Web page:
Figure 6.

These findings provide evidence for the presence of natural disasters having a negative impact on women’s trust, and it is consistent with my theory that disasters have gendered effects on political trust. Countries that experience disasters with some percentage of the population being affected have a decrease in women’s trust across all forms of government, and often those that experience any volume of disasters have negative women’s overall and institutional trust. Disasters impact women more negatively than men and when combined with poor government response, women lose faith in their country’s political institutions to provide them with the help they need to recover.

Next, I provide additional context for my findings using the case of South Africa.Footnote 15 As demonstrated in Figure 7, women’s average trust decreases with the increase in the number of disasters within a country. The dotted black line represents the panels the WVS was administered, while the red dotted line shows when many disasters occurred. In South Africa from 1990 to 1999, natural disasters continued to increase and reached an apex of six disasters in 2001. Women’s average trust from 1990 to 1999 continues to decrease with the increase in disasters and then shows a sharp decline in 2000 in the presence of six disasters. This demonstrates that women’s trust does change over time with the interaction of natural disasters, supporting my theory.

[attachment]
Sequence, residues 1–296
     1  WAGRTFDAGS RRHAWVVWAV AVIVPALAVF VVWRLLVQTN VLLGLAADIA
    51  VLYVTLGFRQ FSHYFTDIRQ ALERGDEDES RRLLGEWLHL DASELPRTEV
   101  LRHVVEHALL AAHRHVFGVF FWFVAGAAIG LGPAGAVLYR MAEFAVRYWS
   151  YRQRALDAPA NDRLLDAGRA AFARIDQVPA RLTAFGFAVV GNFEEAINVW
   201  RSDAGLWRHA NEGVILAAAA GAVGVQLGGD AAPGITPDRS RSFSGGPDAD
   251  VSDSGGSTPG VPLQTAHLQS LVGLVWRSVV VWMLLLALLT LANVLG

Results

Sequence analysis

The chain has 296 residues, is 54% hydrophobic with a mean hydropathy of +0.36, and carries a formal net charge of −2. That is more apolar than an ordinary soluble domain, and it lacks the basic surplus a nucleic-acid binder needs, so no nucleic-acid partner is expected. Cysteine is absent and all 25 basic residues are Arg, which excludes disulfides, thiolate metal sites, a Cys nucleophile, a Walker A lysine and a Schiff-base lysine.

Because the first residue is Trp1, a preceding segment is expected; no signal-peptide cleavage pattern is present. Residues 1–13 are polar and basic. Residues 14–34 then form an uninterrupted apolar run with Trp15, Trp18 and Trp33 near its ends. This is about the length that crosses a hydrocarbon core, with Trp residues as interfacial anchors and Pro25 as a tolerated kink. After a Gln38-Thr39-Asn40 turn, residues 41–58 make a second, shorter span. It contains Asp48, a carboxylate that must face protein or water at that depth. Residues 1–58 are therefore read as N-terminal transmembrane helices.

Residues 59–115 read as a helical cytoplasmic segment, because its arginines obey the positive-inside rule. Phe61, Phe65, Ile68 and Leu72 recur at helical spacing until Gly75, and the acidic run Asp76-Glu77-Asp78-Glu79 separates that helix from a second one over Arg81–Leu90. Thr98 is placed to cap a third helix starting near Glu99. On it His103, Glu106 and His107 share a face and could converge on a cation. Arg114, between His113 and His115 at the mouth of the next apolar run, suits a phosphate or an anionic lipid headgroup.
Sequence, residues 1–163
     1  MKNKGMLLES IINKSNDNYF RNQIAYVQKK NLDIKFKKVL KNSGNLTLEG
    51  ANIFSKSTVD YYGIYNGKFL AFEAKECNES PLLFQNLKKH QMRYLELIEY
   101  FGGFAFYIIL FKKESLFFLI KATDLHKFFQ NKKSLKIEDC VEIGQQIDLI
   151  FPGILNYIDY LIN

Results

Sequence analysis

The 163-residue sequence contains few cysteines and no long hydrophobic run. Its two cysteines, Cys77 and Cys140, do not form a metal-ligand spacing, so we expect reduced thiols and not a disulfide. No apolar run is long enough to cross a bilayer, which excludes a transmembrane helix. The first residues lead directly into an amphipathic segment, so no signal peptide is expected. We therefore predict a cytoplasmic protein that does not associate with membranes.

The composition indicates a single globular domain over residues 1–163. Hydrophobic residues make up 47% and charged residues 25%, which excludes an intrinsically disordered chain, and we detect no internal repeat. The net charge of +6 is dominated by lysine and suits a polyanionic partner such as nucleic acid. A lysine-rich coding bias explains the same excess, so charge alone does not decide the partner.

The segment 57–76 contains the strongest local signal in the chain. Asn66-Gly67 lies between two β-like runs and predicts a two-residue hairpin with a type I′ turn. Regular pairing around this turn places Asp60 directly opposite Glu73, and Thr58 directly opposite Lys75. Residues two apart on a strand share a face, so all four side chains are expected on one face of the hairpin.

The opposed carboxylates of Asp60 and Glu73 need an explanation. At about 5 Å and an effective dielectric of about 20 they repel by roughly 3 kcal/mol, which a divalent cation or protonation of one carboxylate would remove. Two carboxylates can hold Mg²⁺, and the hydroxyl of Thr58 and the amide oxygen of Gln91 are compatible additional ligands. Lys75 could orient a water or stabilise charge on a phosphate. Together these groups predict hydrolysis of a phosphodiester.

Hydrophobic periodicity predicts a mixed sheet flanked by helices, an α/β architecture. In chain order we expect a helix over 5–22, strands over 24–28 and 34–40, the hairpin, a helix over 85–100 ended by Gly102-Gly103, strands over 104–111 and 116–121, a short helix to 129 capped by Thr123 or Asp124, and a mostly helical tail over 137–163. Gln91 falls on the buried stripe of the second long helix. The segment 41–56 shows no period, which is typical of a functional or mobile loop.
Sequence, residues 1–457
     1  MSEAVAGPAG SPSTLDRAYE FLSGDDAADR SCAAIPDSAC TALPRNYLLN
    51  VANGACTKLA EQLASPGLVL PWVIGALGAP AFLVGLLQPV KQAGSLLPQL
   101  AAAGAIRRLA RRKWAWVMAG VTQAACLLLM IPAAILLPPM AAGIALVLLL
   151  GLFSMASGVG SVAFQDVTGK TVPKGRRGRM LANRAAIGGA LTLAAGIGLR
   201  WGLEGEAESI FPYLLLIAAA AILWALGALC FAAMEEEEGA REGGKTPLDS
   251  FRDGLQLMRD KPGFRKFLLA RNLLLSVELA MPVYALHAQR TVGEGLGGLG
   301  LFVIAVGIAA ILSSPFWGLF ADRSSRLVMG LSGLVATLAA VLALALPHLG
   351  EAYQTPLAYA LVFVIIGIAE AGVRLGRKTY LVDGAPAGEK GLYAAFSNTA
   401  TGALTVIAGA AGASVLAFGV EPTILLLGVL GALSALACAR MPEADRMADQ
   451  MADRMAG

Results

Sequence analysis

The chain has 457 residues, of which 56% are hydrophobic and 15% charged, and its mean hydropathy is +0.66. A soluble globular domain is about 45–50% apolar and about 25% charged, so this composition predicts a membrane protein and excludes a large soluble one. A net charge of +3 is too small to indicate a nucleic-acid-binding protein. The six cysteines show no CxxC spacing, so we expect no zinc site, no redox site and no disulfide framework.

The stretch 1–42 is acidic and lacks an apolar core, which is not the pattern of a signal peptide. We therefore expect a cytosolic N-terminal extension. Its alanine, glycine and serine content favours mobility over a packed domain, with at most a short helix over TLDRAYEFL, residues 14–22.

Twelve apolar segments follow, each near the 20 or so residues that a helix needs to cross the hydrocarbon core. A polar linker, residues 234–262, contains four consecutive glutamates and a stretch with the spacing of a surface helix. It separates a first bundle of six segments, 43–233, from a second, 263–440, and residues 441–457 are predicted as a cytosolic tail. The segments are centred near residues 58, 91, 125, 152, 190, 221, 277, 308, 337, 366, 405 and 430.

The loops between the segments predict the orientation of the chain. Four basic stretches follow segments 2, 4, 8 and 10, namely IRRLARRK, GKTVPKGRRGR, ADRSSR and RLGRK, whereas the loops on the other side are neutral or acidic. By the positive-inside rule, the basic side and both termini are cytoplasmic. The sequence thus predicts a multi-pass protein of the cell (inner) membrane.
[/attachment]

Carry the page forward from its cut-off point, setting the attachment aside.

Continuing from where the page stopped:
Figure 7.

Discussion